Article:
Code Sec. 6651(a) imposes a penalty for failure to file a tax return, e.g. Form 941 or Form 940, see Payroll Guide ¶4292. For tax returns filed in 2020, the minimum penalty for failure to file a tax return within 60 days of the due date is $330 ($215 for tax returns filed in 2019.

IRS Announces 2020 Dollar Limitations for Pension Plans

The IRS has announced the dollar limitations for pension plans and other retirement-related items for the 2019 tax year. Many limitations are higher than in 2019 due to cost-of-living adjustments [IR 2019-179; Notice 2019-59, 2019-46 IRB].

  • Elective deferrals. The limitation on the exclusion for elective deferrals under Code Sec. 402(g)(3) will increase from $19,000 to $19,500 in 2020. This limitation affects elective deferrals to various plans, including Code Sec. 401(k) plans, Code Sec. 403(b) annuities, SEPs, and the federal government’s thrift savings plan.
  • Defined benefit plans. The limitation on the annual benefit under a defined benefit plan will increase from $225,000 to $230,000 in 2020. For participants who separated from service before Jan. 1, 2020, the limitation for 2020 is computed by multiplying the participant’s compensation limitation, as adjusted through 2019, by 1.0176.
  • Defined contribution plans. The limitation on total annual contributions to defined contribution plans will increase from $56,000 to $57,000 in 2020.
  • Annual compensation limit. The maximum amount of annual compensation that may be taken into account for various qualified plan purposes, including plans under Code Sec. 401(a)(17), Code Sec. 404(l), Code Sec. 408(k)(3)(C), and Code Sec. 408(k)(6)(D)(ii), will increase from $280,000 to $285,000 in 2020.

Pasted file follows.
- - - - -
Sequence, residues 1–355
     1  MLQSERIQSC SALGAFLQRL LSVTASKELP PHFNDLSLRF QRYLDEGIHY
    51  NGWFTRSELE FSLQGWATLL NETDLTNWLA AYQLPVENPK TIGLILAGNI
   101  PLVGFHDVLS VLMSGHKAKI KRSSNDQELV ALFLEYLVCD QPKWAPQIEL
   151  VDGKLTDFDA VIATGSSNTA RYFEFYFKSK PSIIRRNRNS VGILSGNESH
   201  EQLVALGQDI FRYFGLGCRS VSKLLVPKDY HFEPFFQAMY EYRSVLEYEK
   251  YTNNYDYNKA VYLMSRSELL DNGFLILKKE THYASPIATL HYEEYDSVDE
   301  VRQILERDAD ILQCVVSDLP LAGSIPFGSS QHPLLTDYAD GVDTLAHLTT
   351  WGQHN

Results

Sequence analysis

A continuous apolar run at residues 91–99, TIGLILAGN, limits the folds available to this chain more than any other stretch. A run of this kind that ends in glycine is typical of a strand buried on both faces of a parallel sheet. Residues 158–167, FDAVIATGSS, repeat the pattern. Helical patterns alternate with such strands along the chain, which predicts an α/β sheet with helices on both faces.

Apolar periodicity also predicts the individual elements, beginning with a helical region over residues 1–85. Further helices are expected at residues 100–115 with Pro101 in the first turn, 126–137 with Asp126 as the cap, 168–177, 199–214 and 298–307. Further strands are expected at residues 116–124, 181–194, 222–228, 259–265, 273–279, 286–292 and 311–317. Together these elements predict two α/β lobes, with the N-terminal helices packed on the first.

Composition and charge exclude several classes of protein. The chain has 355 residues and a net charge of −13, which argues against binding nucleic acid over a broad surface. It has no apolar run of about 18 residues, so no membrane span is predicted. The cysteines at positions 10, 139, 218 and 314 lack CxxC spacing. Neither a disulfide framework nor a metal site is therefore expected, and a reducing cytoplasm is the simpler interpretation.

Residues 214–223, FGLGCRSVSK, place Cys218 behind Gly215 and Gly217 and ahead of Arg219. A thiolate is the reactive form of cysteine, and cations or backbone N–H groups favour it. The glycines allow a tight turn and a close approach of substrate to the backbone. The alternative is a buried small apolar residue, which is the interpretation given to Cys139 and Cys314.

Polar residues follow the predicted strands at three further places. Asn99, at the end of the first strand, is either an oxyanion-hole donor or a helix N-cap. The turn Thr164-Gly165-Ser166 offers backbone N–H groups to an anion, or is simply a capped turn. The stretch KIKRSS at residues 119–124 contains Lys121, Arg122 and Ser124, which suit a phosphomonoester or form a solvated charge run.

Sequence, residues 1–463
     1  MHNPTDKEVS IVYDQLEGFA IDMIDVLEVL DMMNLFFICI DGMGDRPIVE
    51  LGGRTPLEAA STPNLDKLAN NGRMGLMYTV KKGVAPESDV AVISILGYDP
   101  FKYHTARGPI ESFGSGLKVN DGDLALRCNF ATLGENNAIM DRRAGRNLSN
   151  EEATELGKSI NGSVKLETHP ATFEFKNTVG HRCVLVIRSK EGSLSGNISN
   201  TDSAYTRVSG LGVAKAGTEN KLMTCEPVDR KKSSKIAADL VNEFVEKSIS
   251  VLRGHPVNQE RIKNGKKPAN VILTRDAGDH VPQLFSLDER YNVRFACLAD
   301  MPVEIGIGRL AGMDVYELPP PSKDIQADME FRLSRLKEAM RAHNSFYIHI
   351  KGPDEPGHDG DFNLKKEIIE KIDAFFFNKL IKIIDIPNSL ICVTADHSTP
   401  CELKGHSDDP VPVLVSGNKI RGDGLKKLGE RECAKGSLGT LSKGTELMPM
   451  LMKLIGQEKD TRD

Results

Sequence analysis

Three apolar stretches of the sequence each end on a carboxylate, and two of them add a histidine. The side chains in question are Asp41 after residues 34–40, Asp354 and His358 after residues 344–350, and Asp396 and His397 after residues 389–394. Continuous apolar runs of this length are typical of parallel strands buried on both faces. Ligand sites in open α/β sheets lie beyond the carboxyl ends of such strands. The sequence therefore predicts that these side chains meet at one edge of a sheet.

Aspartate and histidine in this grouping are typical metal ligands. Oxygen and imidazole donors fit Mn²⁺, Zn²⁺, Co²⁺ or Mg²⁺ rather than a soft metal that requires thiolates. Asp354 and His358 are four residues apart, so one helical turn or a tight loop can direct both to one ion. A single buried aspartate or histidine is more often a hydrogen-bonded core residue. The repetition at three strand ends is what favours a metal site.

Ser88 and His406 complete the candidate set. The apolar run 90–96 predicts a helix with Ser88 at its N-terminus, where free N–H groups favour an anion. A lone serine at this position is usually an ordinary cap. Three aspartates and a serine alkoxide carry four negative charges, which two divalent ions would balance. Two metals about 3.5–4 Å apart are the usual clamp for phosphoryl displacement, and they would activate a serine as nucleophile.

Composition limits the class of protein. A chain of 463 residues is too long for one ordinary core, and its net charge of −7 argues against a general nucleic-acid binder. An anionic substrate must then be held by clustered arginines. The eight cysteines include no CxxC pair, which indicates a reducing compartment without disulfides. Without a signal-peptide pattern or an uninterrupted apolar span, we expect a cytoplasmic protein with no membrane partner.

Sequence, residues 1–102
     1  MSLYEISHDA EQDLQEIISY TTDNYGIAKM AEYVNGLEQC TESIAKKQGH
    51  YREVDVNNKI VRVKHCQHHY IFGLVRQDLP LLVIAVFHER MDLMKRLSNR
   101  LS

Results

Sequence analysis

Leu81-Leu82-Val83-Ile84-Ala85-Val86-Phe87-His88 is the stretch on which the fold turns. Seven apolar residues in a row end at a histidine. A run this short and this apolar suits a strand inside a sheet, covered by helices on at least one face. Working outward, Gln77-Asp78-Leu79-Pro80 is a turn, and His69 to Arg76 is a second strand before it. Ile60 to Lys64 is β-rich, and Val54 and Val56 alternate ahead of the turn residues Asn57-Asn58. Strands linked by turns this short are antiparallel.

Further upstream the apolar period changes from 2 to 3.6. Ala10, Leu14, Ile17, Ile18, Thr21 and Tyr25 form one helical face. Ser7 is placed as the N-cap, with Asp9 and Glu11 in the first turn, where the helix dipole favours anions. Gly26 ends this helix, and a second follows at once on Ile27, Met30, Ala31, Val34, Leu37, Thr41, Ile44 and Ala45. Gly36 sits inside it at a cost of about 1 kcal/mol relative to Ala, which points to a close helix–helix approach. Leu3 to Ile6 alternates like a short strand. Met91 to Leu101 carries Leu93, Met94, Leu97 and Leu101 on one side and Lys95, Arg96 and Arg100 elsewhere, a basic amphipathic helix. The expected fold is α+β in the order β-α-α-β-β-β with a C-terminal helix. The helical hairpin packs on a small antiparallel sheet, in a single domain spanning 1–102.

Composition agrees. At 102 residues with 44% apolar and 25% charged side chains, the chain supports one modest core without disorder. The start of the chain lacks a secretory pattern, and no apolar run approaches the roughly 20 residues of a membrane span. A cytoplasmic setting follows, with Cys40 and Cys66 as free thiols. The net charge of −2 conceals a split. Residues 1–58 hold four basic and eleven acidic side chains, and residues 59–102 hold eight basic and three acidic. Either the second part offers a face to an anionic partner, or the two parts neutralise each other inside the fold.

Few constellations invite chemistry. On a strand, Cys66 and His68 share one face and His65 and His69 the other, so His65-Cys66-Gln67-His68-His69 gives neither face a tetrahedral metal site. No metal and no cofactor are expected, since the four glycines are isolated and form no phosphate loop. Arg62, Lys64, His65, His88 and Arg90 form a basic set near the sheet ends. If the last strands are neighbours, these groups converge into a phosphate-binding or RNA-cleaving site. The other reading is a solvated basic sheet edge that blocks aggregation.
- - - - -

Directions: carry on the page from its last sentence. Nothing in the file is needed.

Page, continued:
• Key employee in top-heavy plan. The dollar limitation under Code Sec. 416(i)(1)(A)(i) that is used in the definition of a key employee in a top-heavy plan will increase from $180,000 to $185,000 in 2020.
  • Highly compensated employee. The dollar amount used in defining highly compensated employees for nondiscrimination testing purposes under Code Sec. 414(q)(1)(B) will increase from $125,000 to $130,000 in 2020.
  • ESOP five-year distribution period. The dollar amount for determining the maximum account balance in an employee stock ownership plan (ESOP) subject to a five-year distribution period will increase from $1,130,000 to $1,150,000 in 2020, while the dollar amount used to determine the lengthening of the five-year distribution period will increase from $225,000 to $230,000.
  • Catch-up contributions. The dollar limitation for catch-up contributions to an applicable deferred plan (other than SIMPLE plans) for individuals age 50 or over will increase from $6,000 to $6,500 in 2020. The dollar limitation for catch-up contributions under SIMPLE plans will remain at $3,000 in 2020.
  • Compensation limit on grandfathered government plans. The annual compensation limit under Code Sec. 401(a)(17) for eligible participants in certain governmental plans that, under the plan as in effect on July 1, 1993, allowed COLAs to the plan’s compensation limit to be taken into account, will increase from $415,000 to $425,000 in 2020.
  • SEP compensation limit. The annual compensation limit under Code Sec. 408(k)(2)(C) will remain at $600 in 2020. Employees who earn more than $600, and who meet other requirements, must be allowed to participate in the employer’s SEP plan.
  • SIMPLE salary deferrals. The maximum amount of compensation that an employee/participant may elect to defer to a SIMPLE plan will increase from $13,000 to $13,500 in 2020.
  • Government deferred compensation plans. The limit on deferrals to Code Sec. 457 deferred compensation plans of state and local governments and tax-exempt organizations will increase from $19,000 to $19,500 in 2020.
  • Control employee. The employee compensation amount used in the definition of “control employee” for purposes of the auto commuting valuation rule in Reg. § 1.61-21(f)(5)(iii) will increase from $225,000 to $230,000 in 2020. The compensation amount used in the definition of company officers who are ineligible for the commuting valuation rule in Reg. § 1.61-21(f)(5)(i) will increase from $110,000 to $115,000 in 2020.